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There is also a clear conflict between Rule 36(4) of the Rules and Section 16(2) of the Act. If any tax invoice of a supplier is not reflected in Form GSTR-2A, an inference can be drawn that the supplier, either for a valid and genuine reason or by malafide intention, has not furnished the Return in Form GSTR-1 and has not discharged the tax liability. Or it may happen that even if the liability is discharged by the supplier through Form GSTR-3B, he has not furnished the Form GSTR-1. Whatever may be the reason, this requires the examination of the factual and legal position. However, the fact remains that if the supplier has not paid the tax, then the recipient taxpayer is not entitled for the ITC at all going by the condition prescribed in Section 16(2)(c) of the Act. Consequently, can the provision of Rule 36(4) extending the partial credit to a taxpayer even under such circumstances be considered valid and legal? Can the provision of Rule prevail upon the provision of the Patent Act? The answer is explicitly “No‟. Merely because Rule 36 (4), at first glance, appears to a beneficial piece of legislation, it cannot override nor can it be contrary to the provisions of Section 16(2) of the CGST Act, 2017.

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What is ITC 2A and how to file it?

It is therefore viewed that the action being taken by the department for the denial and recovery of ITC merely on the basis of the differences between Form-2A and Form 3B is unreasonable, unjustified, and absolutely illegal.

[Concluded]

Can the taxpayer be denied the benefit of ITC on the basis of Form-2A?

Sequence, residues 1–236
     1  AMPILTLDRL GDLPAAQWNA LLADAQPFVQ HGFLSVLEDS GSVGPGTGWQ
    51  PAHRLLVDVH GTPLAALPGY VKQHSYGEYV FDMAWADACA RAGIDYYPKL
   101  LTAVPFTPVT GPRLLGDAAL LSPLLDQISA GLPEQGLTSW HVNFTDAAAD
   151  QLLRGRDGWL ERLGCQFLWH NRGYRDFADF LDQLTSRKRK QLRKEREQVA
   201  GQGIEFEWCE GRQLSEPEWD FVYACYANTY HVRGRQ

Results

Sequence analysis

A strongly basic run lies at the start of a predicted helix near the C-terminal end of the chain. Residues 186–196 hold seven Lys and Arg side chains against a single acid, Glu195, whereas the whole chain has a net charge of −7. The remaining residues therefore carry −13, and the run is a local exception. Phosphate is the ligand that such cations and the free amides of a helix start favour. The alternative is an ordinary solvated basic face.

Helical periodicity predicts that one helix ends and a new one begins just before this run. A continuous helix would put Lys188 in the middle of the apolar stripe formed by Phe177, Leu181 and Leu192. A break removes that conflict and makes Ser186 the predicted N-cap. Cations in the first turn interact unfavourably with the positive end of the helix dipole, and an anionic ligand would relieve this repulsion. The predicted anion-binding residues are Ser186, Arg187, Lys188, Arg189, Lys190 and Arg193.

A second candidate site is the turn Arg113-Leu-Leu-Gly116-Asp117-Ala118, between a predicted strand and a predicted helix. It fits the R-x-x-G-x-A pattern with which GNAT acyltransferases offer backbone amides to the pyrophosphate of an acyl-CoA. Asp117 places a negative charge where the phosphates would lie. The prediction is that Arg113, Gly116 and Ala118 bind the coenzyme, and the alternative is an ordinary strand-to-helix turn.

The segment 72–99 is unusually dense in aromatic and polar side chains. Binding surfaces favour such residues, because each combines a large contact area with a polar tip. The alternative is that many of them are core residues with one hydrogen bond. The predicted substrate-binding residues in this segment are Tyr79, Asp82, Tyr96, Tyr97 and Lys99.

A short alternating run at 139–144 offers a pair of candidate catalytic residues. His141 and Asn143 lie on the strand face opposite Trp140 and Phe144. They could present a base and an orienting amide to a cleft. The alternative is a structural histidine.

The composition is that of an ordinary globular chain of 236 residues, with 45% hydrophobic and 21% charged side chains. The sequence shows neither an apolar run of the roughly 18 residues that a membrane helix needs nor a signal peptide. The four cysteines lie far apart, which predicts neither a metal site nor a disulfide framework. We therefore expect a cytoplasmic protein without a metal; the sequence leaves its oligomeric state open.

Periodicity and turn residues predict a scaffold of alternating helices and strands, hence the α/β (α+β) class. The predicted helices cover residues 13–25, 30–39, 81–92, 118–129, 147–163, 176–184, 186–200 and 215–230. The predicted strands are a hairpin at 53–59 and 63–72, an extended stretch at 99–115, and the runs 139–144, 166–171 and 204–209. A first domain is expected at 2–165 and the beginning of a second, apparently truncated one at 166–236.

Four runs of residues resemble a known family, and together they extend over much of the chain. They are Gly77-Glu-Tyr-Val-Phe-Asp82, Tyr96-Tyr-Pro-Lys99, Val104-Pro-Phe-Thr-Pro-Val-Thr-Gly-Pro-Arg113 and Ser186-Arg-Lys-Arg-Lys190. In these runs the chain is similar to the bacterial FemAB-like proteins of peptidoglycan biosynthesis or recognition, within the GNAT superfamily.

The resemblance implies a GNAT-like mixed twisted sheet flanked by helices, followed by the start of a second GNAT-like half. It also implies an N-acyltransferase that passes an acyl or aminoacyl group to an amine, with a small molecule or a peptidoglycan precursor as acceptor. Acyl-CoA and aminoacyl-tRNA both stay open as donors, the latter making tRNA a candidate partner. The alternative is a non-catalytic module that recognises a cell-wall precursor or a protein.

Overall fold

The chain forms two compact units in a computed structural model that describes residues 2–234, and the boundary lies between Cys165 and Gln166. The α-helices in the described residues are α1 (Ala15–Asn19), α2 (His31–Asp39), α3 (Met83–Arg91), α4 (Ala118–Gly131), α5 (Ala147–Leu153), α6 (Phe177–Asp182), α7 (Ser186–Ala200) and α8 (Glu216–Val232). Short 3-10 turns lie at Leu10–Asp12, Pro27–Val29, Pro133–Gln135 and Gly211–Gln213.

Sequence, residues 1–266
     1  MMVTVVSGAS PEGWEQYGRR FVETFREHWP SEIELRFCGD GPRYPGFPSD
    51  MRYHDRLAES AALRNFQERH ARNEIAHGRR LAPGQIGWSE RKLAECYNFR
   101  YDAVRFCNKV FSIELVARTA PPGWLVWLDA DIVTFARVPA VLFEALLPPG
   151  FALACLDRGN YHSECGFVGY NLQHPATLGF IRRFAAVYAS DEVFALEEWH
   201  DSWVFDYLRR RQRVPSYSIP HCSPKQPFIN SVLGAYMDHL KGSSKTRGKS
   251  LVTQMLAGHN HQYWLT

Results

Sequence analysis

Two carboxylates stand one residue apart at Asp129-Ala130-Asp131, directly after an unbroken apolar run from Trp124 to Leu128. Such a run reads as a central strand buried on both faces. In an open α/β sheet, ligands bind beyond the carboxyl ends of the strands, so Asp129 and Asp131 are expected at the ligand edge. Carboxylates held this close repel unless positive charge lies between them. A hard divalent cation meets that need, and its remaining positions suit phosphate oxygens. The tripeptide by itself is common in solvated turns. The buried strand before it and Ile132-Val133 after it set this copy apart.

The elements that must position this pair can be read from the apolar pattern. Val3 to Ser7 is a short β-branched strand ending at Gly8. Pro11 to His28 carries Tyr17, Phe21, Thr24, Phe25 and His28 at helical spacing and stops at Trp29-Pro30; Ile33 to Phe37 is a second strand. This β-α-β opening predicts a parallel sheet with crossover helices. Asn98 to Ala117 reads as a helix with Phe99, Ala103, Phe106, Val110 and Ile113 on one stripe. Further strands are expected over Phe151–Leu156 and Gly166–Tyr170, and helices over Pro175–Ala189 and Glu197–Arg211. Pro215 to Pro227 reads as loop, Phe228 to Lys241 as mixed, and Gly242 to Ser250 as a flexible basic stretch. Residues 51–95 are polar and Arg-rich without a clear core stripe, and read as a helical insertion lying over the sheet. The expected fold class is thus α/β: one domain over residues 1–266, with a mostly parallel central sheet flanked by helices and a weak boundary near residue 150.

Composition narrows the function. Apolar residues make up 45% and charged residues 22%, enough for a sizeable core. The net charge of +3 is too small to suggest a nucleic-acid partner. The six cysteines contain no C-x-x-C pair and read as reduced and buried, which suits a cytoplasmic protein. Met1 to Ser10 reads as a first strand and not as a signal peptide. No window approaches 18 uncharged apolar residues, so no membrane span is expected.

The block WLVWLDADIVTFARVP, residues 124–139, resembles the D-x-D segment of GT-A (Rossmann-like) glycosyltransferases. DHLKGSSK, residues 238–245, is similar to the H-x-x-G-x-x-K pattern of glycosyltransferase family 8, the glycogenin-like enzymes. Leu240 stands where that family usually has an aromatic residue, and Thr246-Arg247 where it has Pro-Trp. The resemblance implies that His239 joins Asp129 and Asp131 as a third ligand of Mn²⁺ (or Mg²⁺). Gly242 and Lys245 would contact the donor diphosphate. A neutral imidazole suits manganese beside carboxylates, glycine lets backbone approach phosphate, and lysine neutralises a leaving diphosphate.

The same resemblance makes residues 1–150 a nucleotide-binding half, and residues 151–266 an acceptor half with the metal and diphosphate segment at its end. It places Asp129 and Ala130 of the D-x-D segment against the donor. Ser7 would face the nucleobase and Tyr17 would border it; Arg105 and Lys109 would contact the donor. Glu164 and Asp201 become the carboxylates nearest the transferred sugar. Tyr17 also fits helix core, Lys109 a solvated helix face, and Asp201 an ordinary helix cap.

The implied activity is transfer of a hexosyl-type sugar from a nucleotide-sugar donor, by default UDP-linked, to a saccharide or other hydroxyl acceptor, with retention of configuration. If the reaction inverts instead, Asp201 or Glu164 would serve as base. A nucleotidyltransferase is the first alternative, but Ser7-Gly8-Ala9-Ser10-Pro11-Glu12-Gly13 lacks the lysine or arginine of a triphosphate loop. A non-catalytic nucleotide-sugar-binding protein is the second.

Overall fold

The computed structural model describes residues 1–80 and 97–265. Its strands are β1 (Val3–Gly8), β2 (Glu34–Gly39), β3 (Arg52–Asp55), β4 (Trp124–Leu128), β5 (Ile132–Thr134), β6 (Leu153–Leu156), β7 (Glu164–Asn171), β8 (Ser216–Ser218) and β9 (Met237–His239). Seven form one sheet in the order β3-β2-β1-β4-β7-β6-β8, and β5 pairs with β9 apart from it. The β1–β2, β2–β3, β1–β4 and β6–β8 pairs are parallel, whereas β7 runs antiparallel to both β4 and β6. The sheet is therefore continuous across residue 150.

Profile photo of Advocate Shailesh Sheth Advocate Shailesh Sheth

Qualifications:  B.Com.LLB Background:  Shailesh has over 30 years’ experience in Consulting, Advisory and Litigation practice in the field of Indirect Tax Laws that include Central Excise, Service Tax, Customs, State VAT Laws, CST & GST.  Shailesh is also one of the Partners in a legal firm, namely, M/s. RVS LEGAL having its base in Chennai, Bangalore and Mumbai. Mr. V. Raghuraman, Advocate, Bangalore and Mr. K. Vaitheeswaran, Advocate, Chennai are two other Partners in the firm. This boutique firm specialises in Indirect Taxation, Direct Tax, International Taxation, Arbitration, Corporate Laws (including IBC), Drafting/Vetting of Commercial Contracts, amongst other fields. Representative Industry Experience:  Shailesh has dealt extensively in the areas of Central Excise, Service Tax, Customs, GST and CST/VAT across the entire trade and industry spectrum consisting of Manufacturing, Service Sector and Distributive Trade representing diverse sectors Public Profile:  Shailesh has been a regular faculty at various professional bodies as well as Trade and Industry Forums on his chosen field. He has already delivered more than 90 lectures since April, 2017 on various aspects of GST all over India.  Shailesh is a regular columnist in ‘Vyapar’- a Bi-weekly Business Newspaper of Janmabhoomi Group – on Service Tax, Central Excise & GST and has also contributed number of articles to various magazines as well as Taxation Websites like TIOL, etc. Membership/Association with professional/trade/industry bodies: Besides professional bodies like Chamber of Tax Consultants and AIFTP, Shailesh is also associated with various trade/industry bodies including Indian Merchants’ Chamber (Indirect Tax Committee), ITAMMA, IDMA, AIRIA, BSE Brokers’ Forum, Builders Association of India (BAI), NAREDCO, Brihanmumbai Developers Association (BDA) & other bodies guiding them in the field of Indirect Tax.